The name for this genre was supposedly coined by an unknown radio anchor. While this name fast took hold in Slovenia, the German speaking countries used the term Oberkreinermusik. This alluded to the name that the pioneering Avsenik Quintet used when performing abroad – the Oberkreiner quintett and, later, Slavko Avsenik und seine Original Oberkrainer, Oberkrein being the German word for Slovenia’s Alpine region of Gorenjska. However, in the long run, this particular music did not really attain the status of a global musical commodity (though it does have a close sibling in America, called Cleveland-style polka, and though is has also been incorporated into the traditional music cannon of Austria and Germany as Alpenmusik). As such, it still lacks an established English name.

The problem

Narodno-zabavna glasba could literally be translated as “national-entertainment” or “national-fun music”, but neither of these sounds right and such a translation is rarely used. Other terms that occasionally surface are the aforementioned Oberkreiner music, Slovene folk music, Alpine folk music, folk-entertainment music, ethno-pop, ethnic popular music – and folk pop music. None of these translations really hits the semantic mark, but the problems that surround the translation do refer us to a rich cultural tapestry that forms the tacit background of this music.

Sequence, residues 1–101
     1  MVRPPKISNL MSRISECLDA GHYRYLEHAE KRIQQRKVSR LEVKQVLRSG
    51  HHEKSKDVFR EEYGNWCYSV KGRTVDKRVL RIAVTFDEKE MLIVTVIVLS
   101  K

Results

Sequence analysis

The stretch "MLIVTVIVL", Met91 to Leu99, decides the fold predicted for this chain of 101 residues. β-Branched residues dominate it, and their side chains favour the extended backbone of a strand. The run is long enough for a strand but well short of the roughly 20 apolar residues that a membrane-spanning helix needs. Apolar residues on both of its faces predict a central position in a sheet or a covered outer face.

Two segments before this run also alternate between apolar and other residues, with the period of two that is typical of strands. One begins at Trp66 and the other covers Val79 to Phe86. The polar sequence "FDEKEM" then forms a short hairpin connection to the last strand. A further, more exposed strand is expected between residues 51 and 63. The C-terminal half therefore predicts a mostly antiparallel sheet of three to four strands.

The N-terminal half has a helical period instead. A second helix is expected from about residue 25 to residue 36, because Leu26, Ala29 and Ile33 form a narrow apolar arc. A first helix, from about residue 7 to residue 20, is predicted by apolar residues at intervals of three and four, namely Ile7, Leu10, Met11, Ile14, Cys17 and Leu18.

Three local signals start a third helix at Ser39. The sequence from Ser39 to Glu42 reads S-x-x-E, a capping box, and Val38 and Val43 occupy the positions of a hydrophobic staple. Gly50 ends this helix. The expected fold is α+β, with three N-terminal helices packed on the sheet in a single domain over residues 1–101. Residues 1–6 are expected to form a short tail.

The first such a background to folk pop is nationalism, a much contested set of ideologies, theories, imageries and rituals that we will only briefly touch on the surface. The first word in the phrase, narod(no), is usually roughly translated in English as “nation-(al)”, yet this concept is a bit too broad. A more apt English translation of narod would be “ethnicity” but this is too narrow and usually used in wholly another context. One could define narod as a group of kindred communities forming a nation – yet lacking the framework of a nation state. It connotes a shared language, a shared culture and a shared blood lineage. It evokes a sort of an (imagined) community, yet not the Benedict Anderson’s modern, media-anchored one, but one that in its associative depth somehow differes from a contemporary society regulated by the laws of its state. The word narod subtly hints to some sort of pre-modern rural-ness and brings to mind the accompanying gemeinschaft (“community”) social ties and politics.